Sunday, March 24, 2019

The Media, Mueller, the Big Con and the Democratization of Narrative

Falling for a con is painful. The first reaction is to deny being conned, of course. The second is to blame skeptics for being correct in their skepticism.
Here's the fundamental "story" of the Mueller Investigation: elites don't like "the little people" democratizing public narratives. The elites--who reckon their right to rule is self-evident--want to set the narrative and the context, because that's the foundation of power: once you get the citizenry to agree on your narrative and context, you secure two valuable things: 1) political legitimacy and 2) their obedience.
Elite anxiety over the "the little people" democratizing narratives is not a new phenomenon. Elites have demanded control of any media outlet that doesn't parrot their line and have tried to declare skeptical inquiry sedition for generations, stretching back to the founding of the Republic.
The elite interest in controlling the narrative and context long predates the era of "fake news." Please read this excerpt from the 1991 book The Radicalism of the American Revolution about the democratization of everyday life in post-Revolutionary War America (1790 - 1830):
"The result of all these assaults on elite opinion and celebrations of common ordinary judgment was a dispersion of authority and ultimately a diffusion of truth itself to a degree the world had never seen. With every ordinary person being told his ideas and tastes, on everything from medicine to art to government, were as good as, if not better than, those of "connoisseurs" and "speculative men" who had college degrees, it is not surprising that truth and knowledge became elusive and difficult to pin down."
This democratization deeply unsettled the elites, who were accustomed to leading by setting the "acceptable" narrative and context. Democracy, they discovered to their chagrin, isn't a force that one can bottle up and dispense in measured doses around election time; it spreads throughout every sphere of the society.
This reliance on one's own judgment depreciated the power not only of self-appointed elites but of those claiming superiority based on credentials. As novelist Herman Melville understood so acutely, this democratization of everything made everyone, pundit and commoner alike, a potential mark for a con and a potential chump for a compelling pitch that appealed to vanity, social aspirations and what we now call virtue-signaling.
Melville laid all this out in one of my favorite novels, The Confidence-Man, ostensibly a collection of stories about a motley cast of characters on a Mississippi riverboat but actually a meditation on the nature of trust, confidence and cons.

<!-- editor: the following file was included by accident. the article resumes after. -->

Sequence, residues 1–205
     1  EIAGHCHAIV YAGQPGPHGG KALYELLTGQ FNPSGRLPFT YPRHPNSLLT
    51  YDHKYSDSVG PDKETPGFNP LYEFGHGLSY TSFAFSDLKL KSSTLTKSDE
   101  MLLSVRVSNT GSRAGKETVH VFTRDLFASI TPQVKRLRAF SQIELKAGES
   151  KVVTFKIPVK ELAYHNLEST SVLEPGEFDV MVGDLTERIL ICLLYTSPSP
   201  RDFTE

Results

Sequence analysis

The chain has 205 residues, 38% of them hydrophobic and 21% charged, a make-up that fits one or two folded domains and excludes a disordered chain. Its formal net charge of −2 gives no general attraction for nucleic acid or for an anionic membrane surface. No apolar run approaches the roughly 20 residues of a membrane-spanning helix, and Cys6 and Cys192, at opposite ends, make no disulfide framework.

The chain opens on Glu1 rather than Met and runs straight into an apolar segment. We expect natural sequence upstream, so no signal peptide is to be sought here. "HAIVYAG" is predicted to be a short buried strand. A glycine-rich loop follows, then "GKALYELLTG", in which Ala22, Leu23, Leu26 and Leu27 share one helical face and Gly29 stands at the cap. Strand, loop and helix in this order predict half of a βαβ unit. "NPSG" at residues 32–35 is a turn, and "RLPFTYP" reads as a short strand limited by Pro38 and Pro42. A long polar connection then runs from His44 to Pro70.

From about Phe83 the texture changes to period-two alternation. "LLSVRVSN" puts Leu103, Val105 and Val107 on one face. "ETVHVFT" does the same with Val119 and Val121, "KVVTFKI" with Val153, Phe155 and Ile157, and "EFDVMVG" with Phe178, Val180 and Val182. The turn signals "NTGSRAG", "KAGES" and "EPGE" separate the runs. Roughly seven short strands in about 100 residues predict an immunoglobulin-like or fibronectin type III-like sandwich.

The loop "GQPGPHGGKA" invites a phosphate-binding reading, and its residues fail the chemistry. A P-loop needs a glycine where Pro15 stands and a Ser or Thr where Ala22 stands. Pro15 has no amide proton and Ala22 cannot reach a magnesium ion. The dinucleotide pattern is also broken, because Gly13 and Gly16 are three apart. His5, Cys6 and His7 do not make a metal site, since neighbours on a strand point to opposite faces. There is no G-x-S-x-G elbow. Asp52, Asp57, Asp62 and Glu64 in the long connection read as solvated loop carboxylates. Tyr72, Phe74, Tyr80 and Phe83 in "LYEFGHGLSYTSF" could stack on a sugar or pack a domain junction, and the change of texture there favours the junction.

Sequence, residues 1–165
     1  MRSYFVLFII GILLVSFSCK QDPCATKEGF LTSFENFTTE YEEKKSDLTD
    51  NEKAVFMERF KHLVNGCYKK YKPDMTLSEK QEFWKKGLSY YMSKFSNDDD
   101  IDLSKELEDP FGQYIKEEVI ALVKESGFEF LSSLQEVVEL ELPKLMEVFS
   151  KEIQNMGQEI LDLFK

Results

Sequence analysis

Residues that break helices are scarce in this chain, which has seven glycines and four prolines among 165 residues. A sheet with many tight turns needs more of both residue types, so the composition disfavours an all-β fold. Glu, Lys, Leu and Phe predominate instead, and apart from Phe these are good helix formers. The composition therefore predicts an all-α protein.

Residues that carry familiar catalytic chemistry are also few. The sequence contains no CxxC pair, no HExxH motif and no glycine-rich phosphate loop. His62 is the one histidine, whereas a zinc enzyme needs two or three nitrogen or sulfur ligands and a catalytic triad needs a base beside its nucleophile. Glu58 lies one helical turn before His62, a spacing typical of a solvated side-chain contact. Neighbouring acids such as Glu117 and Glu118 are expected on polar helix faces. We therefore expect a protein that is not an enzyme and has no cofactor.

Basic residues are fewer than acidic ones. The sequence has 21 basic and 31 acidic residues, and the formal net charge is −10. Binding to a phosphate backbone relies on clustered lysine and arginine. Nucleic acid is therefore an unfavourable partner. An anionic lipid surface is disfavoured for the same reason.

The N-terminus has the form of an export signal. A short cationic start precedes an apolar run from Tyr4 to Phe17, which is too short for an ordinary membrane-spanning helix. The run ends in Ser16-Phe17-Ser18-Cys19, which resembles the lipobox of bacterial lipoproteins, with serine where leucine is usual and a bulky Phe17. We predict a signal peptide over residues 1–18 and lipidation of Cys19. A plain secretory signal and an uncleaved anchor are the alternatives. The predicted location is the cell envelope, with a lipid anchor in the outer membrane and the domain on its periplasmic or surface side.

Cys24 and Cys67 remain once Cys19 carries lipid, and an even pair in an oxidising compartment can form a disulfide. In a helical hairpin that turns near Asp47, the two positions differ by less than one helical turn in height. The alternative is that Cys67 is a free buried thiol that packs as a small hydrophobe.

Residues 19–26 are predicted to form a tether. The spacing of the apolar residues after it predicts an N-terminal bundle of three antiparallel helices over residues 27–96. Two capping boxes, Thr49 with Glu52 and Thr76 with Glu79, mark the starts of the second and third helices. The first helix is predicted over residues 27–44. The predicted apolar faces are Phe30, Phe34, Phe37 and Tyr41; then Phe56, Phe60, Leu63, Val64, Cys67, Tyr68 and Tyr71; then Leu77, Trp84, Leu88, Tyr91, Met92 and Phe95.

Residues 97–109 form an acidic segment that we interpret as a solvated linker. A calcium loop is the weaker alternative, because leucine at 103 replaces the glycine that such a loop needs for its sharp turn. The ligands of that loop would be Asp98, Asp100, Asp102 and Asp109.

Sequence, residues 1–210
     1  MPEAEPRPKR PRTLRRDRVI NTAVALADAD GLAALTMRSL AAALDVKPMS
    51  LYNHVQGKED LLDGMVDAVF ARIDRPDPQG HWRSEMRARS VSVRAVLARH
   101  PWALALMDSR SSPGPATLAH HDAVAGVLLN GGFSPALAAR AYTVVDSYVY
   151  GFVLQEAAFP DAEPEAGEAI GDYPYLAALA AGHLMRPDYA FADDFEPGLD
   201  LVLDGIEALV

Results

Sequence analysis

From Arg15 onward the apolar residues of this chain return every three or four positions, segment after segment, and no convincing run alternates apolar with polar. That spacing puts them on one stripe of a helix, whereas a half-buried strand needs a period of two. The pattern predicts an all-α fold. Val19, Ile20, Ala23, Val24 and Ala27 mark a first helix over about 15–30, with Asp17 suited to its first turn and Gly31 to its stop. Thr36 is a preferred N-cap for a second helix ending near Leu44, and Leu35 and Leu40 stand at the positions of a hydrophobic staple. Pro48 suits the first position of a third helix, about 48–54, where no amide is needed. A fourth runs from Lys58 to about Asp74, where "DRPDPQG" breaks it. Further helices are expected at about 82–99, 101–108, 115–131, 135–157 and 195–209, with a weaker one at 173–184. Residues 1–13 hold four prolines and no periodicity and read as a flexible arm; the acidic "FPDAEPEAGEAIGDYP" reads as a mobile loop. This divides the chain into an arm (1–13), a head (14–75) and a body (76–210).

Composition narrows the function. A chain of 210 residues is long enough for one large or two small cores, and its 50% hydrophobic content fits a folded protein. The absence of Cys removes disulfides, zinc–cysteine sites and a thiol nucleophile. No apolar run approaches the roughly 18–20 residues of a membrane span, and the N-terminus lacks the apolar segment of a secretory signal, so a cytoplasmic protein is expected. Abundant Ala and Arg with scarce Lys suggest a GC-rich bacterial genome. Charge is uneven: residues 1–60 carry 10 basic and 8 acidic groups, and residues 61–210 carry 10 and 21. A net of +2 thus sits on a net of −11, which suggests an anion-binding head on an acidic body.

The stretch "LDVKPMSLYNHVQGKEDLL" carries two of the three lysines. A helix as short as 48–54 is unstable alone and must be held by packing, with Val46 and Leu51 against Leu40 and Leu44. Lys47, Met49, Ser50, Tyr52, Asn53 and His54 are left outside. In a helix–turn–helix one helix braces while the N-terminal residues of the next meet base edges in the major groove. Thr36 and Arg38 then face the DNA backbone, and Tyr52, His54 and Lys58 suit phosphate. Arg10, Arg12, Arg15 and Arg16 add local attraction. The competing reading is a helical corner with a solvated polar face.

This puts Melville's 1857 novel at the very heart of the Mueller Investigation as various elite-promoted narratives are revealed as cons. Authority, of course, is well-placed to push The Big Con; declaring "the truth of the matter" as an article of faith is the acme of The Big Con.
Democracy requires all Americans take responsibility for sorting the wheat from the chaff. We're all potential marks, so we have to remain skeptical of every context and every narrative being pushed by authorities, elites, self-appointed experts, etc., all of whom are of course as self-serving as anyone else trying to advance their interests with a compelling story.
Here are a few paragraphs from my Amazon review of Melville's novel:
What ties the book together is not a story but a theme: the nature of trust and confidence. In a very sly way, Melville shows how a variety of cons are worked, as the absolutely distrustful are slowly but surely convinced to do exactly what they vowed not to do: buy the "herbal" patent medicine, buy shares in a bogus stock venture, or donate cash to a suspect "charity."
In other chapters, it seems like the con artist is either stopped in his tracks or is conned himself. Since the book is mostly conversations, we are left to our own conclusions; there is no authorial voice wrapping up each chapter with a neatly stated ending. This elliptical structure conveys the ambiguous nature of trust; we don't want to be taken, but confidence is also necessary for any business to be transacted. To trust no one is to be entirely isolated.